An Exhaustive 3-Year Quest for 12 Smoke-Free ORs
Northwest Hospital is the first hospital in Maryland to be completely smoke-free.
Northwest Hospital, a LifeBridge Health Center in Randallstown, Md., is the first Maryland hospital to be completely smoke-free. Leading the charge was Debra Kording, BSN, RN, CNOR, the perioperative educator who was moved and motivated by the horrid things she learned about surgical smoke from AORN’s Surgical Smoke Tool Kit. For example:
- Using electrosurgery on 1 gram of tissue is like inhaling the smoke from 6 cigarettes in 15 minutes.
- Using the CO2 laser on 1 gram of tissue is like inhaling smoke from 3 cigarettes in 15 minutes.
Ms. Kording’s concerns intensified when she thought about all of the smoke she had inhaled over the course of her 30 years as an OR nurse, and all ofit the staff at Northwest inhaled, within as well as outside the OR (surgical smoke would drift down to PACU). That smoke, she learned, is filled with particulates, such as carbonized tissue, blood and viruses, and toxic substances such as benzene,toluene and other carcinogenics.
She soon noticed her colleagues complained about coughing and respiratory problems. She didn’t chalk it up to coincidence. It also was hard to escape the heavy stench of smoke and charred flesh shrouding a hospital that last year alone used electrosurgery on 5,066 patients.
“The electrosurgery pencil is the workhorse of most every surgical procedure,” says Ms. Kording.“When you’d walk into an OR, the smell would knock you over.”
It scared Ms. Kording to think of all of the surgical smoke hospitals produce nationwide because there’s no federal legislation demanding its evacuation from the OR. Only one state, Rhode Island, has passed a state law mandating smoke evacuation.
Hospitals have been using an electric current to cut and coagulate tissue during surgery for more than 40 years. It’s a lot faster than scalpel and suture, but burning all of that tissue produces a lot of smoke.
‘We had to convince our surgeons’
Ms. Kording gathered facts and figures and put them in a PowerPoint to share with her surgeons, who most likely were unaware of the collateral damage they were causing.
“We didn’t have to convince staff and leadership,”says Ms. Kording. “We had to convince our surgeons.”
Not everyone was ready to give their full attention to the issue of burning tissue. And that’s not surprising. Although the dangers of surgical smoke have hovered like a black cloud over ORs everywhere for more than 30 years, not much has been done about it. Smoke evacuation equipment can cost quite a bit, and older models can be noisy and bulky.
Instead of taking on the surgeons on her own, she decided to seek out a physician champion she knew could hold sway with his colleagues. She looked to Chief of Surgery Mark Katlic, MD. “He is all about supporting issues that relate to all of us,” says Ms. Kording. Dr. Katlic was an eager evangelist. She showed him her PowerPoint and he said:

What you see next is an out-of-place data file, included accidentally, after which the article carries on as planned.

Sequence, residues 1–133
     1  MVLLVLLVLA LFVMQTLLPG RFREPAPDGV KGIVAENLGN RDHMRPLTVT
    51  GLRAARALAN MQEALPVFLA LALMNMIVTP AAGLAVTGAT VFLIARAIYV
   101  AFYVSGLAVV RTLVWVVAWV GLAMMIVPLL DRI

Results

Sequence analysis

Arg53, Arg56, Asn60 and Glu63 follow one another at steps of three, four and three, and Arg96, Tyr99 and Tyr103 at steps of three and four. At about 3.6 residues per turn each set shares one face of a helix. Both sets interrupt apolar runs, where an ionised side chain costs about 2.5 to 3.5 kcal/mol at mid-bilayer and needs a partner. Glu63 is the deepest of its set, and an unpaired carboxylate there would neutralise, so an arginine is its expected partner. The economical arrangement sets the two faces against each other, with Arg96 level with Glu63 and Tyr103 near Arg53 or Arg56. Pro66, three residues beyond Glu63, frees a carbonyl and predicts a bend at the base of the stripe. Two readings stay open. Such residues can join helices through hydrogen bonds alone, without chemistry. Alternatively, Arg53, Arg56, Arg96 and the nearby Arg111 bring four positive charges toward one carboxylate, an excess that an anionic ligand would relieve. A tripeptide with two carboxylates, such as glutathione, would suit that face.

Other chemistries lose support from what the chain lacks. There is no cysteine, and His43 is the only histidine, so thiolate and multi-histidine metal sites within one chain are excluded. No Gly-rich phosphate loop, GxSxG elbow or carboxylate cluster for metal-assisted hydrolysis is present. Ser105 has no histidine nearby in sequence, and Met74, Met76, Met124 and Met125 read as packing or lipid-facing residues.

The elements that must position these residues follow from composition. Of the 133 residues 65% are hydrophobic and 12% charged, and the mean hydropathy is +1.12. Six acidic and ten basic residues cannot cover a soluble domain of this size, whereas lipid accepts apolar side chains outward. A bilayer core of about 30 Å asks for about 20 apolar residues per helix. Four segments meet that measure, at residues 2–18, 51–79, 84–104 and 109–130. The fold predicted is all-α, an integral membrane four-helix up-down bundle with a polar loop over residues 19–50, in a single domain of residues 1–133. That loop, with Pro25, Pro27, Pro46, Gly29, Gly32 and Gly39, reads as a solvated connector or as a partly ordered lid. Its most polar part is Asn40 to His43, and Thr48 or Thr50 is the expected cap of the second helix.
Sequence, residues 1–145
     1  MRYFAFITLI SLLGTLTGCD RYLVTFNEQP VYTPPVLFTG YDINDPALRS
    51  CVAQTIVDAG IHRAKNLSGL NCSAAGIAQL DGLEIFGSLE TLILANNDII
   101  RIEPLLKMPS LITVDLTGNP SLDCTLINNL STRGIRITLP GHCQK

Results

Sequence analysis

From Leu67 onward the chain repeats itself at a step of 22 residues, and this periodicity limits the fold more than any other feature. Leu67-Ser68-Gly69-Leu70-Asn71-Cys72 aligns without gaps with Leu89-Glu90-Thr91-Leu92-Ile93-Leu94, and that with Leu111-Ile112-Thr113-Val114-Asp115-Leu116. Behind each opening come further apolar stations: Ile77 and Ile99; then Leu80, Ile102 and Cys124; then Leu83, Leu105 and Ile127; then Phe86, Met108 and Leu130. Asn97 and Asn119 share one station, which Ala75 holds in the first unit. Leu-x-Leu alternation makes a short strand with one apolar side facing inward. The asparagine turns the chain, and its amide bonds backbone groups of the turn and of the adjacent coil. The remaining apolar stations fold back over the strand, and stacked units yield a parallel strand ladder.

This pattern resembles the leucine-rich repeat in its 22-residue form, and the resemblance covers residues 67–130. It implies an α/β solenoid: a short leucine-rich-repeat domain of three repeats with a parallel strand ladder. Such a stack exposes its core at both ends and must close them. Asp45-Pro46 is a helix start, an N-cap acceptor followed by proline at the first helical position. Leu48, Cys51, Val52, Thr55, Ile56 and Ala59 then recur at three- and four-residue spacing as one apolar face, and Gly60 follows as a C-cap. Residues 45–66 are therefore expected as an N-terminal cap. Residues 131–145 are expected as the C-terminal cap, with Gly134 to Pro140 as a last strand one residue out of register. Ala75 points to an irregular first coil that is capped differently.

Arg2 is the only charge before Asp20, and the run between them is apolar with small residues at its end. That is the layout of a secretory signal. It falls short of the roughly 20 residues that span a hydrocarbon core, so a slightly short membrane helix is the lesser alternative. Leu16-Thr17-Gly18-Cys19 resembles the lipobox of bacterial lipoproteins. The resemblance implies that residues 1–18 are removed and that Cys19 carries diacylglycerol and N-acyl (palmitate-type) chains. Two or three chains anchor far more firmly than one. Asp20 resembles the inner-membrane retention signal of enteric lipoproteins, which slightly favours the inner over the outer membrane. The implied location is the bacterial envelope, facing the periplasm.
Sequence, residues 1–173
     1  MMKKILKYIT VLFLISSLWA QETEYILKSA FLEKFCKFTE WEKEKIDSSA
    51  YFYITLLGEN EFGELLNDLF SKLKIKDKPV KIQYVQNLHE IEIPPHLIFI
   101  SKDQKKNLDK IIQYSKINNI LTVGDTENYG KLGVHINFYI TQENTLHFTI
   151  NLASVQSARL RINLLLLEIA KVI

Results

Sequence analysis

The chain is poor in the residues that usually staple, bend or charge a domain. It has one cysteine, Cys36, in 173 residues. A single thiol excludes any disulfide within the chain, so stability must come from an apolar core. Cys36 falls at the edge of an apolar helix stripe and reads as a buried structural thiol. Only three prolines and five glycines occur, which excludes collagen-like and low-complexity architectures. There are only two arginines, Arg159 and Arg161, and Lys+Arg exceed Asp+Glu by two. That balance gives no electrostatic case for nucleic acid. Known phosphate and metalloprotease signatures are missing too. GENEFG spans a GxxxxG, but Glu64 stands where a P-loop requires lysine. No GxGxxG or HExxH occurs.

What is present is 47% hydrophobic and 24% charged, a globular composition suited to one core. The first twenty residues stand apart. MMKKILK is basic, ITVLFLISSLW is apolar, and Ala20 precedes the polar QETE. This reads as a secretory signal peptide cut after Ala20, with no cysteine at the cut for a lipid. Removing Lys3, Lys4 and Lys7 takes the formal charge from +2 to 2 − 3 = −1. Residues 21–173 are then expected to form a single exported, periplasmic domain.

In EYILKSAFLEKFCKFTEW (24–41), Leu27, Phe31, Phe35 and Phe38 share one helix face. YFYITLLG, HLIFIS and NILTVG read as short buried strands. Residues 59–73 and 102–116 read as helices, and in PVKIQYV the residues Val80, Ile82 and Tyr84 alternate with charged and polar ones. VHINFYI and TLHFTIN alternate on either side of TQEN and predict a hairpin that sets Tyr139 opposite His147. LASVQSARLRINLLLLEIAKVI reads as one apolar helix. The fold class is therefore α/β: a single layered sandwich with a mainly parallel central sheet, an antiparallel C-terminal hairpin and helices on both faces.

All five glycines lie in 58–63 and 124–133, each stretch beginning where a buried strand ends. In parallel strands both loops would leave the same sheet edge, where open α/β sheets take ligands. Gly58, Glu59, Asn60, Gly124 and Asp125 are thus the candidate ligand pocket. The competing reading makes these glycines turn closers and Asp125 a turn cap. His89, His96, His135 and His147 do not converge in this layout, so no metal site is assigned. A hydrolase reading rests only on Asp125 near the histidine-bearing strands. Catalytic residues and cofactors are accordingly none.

“Take this to all of the surgical division chiefs. Tell them to show it to all of their surgeons.” He also asked Ms. Kording to present on the hazards of surgical smoke during the department of surgery’s quarterly meeting.
Dr. Katlin got the much-needed buy-in from his fellow surgeons. Together, they got 3 more physician champions to join the cause: Christina Li, MD, Celine Richardson, MD, and Janet Woodyard, MD.
“I was blessed when 4 surgeons got behind me,” says Ms. Kording. “I reminded them that anything that is in their patients comes out into the air during surgery. They said, ‘Oh, my gosh; I knew surgical smoke wasn’t a good thing, but I didn’t know how bad it was!’”
Breathing easier in the new year
Finally, on Jan. 3, years after starting her crusade, Ms. Kording got the backing she needed for smoke-free ORs. She, the physician champions, surgical services leadership and the hospital’s Surgical Services Best Practice Council came together to implement a smoke evacuation program. They arranged to trial 2 smoke evacuator systems.
A clear winner emerged, but it would cost $119,000 to outfit each of its 12 ORs. Monique Holzer, MS, RN, the director of surgical services, reworked the budget, making smoke evacuators a priority over the purchase of some other items. The hospital went live with smoke evacuation systems on May 2. It also purchased specialized filters to minimize patients’ absorption of carbon monoxide and toxic chemicals from surgical smoke produced during laparoscopic procedures.
“Staff are much happier now that they work in a smoke-free environment,” says Ms. Kording. “Our pre-op and PACU areas are free of smoke as well. The noxious smell no longer wafts down the hall-way and throughout the department. The staff and patients at Northwest Hospital are now breathing easier.”